PLANISTON—(1) The Five Thousand Kilometre (overland) was won last year by L. V. Rautsch, R. M. Rautsch, his brother, in the same week pulling off the Ten Thousand (oversea). R. M.’s average worked out at a fraction over 500 kilometres per hour, thus constituting a record. (2) Theoretically, there is no limit to the lift of a dirigible. For commercial and practical purposes 15,000 tons is accepted as the most manageable.
PATERFAMILIAS—None whatever. He is liable for direct damage both to your chimneys and any collateral damage caused by fall of bricks into garden, etc., etc. Bodily inconvenience and mental anguish may be included, but the average jury are not, as a rule, men of sentiment. If you can prove that his grapnel removed any portion of your roof, you had better rest your case on decoverture of domicile (See Parkins v. Duboulay). We entirely sympathize with your position, but the night of the 14th was stormy and confused, and — you may have to anchor on a stranger’s chimney yourself some night. Verbum sap!
ALDEBARAN—War, as a paying concern, ceased in 1967. (2) The Convention of London expressly reserves to every nation the right of waging war so long as it does not interfere with the world’s traffic. (3) The A. B. C. was constituted in 1949.
L. M. D.—Keep her dead head-on at half-power, taking advantage of the lulls to speed up and creep into it. She will strain much less this way than in quartering across a gale. (2) Nothing is to be gained by reversing into a following gale, and there is always risk of a turn-over. (3) The formulæ for stun’sle brakes are uniformly unreliable, and will continue to be so as long as air is compressible.
PEGAMOID—Personally we prefer glass or flux compounds to any other material for winter work nose-caps as being absolutely non-hygroscopic. (2) We cannot recommend any particular make.
PULMONAR—For the symptoms you describe, try the Gobi Desert Sanitaria. The low levels of the Saharan Sanitaria are against them except at the outset of the disease. (2) We do not recommend boarding-houses or hotels in this column.
BEGINNER—On still days the air above a large inhabited city being slightly warmer — i. e., thinner — than the atmosphere of the surrounding country, a plane drops a little on entering the rarefied area, precisely as a ship sinks a little in fresh water. Hence the phenomena of “jolt” and your “inexplicable collisions” with factory chimneys. In air, as on earth, it is safest to fly high.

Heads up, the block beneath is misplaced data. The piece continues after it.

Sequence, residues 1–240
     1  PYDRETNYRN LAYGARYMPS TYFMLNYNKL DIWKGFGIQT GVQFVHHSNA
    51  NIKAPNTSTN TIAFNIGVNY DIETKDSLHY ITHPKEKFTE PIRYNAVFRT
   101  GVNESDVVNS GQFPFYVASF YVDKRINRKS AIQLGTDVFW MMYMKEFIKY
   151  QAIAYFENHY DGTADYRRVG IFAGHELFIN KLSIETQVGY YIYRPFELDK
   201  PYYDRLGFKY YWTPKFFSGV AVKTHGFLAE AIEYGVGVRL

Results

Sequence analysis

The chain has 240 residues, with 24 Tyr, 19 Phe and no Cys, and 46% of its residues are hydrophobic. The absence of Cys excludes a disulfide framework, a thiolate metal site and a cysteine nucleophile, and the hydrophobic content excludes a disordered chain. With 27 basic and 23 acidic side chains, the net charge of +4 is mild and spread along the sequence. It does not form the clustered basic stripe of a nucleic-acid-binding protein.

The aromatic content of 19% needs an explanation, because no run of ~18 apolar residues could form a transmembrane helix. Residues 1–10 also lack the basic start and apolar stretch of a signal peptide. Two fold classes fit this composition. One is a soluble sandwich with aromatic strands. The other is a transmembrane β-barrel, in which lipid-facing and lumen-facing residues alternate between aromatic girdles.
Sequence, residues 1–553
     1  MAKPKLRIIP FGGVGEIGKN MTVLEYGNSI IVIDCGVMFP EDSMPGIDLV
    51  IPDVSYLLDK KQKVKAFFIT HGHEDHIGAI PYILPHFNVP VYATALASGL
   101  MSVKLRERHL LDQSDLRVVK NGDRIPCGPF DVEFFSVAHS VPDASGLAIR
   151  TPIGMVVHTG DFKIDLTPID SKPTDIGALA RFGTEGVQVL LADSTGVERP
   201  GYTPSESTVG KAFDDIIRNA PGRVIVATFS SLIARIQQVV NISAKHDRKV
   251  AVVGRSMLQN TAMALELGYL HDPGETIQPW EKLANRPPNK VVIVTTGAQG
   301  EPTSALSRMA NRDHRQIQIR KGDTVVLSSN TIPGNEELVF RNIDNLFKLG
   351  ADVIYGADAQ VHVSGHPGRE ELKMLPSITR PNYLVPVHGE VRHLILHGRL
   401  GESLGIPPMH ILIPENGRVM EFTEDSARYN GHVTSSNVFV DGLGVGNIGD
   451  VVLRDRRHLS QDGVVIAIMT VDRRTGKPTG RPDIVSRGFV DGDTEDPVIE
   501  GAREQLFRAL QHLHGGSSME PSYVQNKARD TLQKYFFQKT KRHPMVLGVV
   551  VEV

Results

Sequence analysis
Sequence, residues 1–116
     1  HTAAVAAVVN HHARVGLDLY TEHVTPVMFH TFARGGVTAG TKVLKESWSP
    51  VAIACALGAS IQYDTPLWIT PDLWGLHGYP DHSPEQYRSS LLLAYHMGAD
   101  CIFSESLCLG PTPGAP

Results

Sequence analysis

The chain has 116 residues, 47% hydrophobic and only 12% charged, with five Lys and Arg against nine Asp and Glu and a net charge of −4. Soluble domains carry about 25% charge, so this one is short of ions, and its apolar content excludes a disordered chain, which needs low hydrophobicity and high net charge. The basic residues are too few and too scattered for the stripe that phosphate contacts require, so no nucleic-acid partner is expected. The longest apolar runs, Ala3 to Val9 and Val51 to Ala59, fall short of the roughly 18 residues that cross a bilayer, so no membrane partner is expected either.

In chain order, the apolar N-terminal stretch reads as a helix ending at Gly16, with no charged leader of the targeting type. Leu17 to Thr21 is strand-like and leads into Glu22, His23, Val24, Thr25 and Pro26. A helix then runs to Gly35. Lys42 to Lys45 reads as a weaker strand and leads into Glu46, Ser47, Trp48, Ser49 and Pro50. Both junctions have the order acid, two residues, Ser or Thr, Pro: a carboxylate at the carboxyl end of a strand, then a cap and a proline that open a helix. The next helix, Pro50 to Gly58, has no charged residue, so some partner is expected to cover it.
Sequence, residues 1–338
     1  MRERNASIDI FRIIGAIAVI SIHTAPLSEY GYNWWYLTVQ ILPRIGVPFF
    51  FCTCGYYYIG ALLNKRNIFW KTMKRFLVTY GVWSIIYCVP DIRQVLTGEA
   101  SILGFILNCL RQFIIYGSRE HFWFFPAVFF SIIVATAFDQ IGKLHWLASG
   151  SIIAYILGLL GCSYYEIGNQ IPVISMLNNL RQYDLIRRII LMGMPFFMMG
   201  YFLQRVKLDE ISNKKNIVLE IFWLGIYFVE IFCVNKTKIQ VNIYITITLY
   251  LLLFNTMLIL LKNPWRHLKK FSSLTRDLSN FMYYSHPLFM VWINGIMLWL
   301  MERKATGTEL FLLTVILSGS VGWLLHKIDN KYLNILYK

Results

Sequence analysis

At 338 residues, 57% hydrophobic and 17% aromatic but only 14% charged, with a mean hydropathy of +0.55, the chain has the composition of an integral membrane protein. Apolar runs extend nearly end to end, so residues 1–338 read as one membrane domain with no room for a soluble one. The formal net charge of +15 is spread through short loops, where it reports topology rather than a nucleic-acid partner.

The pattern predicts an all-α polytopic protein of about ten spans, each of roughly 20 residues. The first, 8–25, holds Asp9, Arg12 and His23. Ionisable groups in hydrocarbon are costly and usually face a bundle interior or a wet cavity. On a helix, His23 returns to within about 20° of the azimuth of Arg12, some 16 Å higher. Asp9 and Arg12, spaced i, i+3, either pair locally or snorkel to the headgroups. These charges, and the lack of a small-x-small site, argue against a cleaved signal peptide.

EMERGENCY—There is only one rule of the road in air, earth, and water. Do you want the firmament to yourself?
PICCIOLA—Both Poles have been overdone in Art and Literature. Leave them to Science for the next twenty years. You did not send a stamp with your verses.
NORTH NIGERIA—The Mark Boat was within her right in warning you up on the Reserve. The shadow of a low-flying dirigible scares the game. You can buy all the photos you need at Sokoto.
NEW ERA—It is not etiquette to overcross an A. B. C. official’s boat without asking permission. He is one of the body responsible for the planet’s traffic, and for that reason must not be interfered with. You, presumably, are out on your own business or pleasure, and should leave him alone. For humanity’s sake don’t try to be “democratic.”
NEXT WEEK: “He had traced through cold and heat, across the deeps of the oceans, with instruments of his own invention, over the inhospitable heart of the polar ice and the sterile visage of the deserts, league by league, patiently, unweariedly, remorselessly, from their ever-shifting cradle under the magnetic pole to their exalted death-bed in the utmost ether of the upper atmosphere — each one of the Isoconical Tellurions —Lavalle’s Curves, as we call them to-day.”
RADIUM AGE SCIENCE FICTION: “Radium Age” is HILOBROW’s name for the 1904–33 era, which saw the discovery of radioactivity, the revelation that matter itself is constantly in movement — a fitting metaphor for the first decades of the 20th century, during which old scientific, religious, political, and social certainties were shattered. This era also saw the publication of genre-shattering writing by Edgar Rice Burroughs, Sax Rohmer, E.E. “Doc” Smith, Jack London, Arthur Conan Doyle, Aldous Huxley, Olaf Stapledon, Karel Čapek, H.P. Lovecraft, Charlotte Perkins Gilman, Yevgeny Zamyatin, Philip Gordon Wylie, and other pioneers of post-Verne/Wells, pre-Golden Age “science fiction.” More info here.
HILOBOOKS: The mission of HiLoBooks is to serialize novels on HiLobrow; and also, as of 2012, operating as an imprint of Richard Nash’s Cursor, to reissue Radium Age science fiction in beautiful new print editions. So far, we have published Jack London’s The Scarlet Plague, Rudyard Kipling’s With the Night Mail (and “As Easy as A.B.C.”), Arthur Conan Doyle’s The Poison Belt, H. Rider Haggard’s When the World Shook, Edward Shanks’s The People of the Ruins, William Hope Hodgson’s The Night Land, and J.D. Beresford’s Goslings. Forthcoming: E.V. Odle’s The Clockwork Man, Cicely Hamilton’s Theodore Savage, and Muriel Jaeger’s The Man with Six Senses. For more information, visit the HiLoBooks homepage.
ORIGINAL FICTION: HILOBROW has serialized three novels: James Parker’s The Ballad of Cocky The Fox (“a proof-of-concept that serialization can work on the Internet” — The Atlantic) and Karinne Keithley Syers’s Linda Linda Linda. We also publish original stories and comics.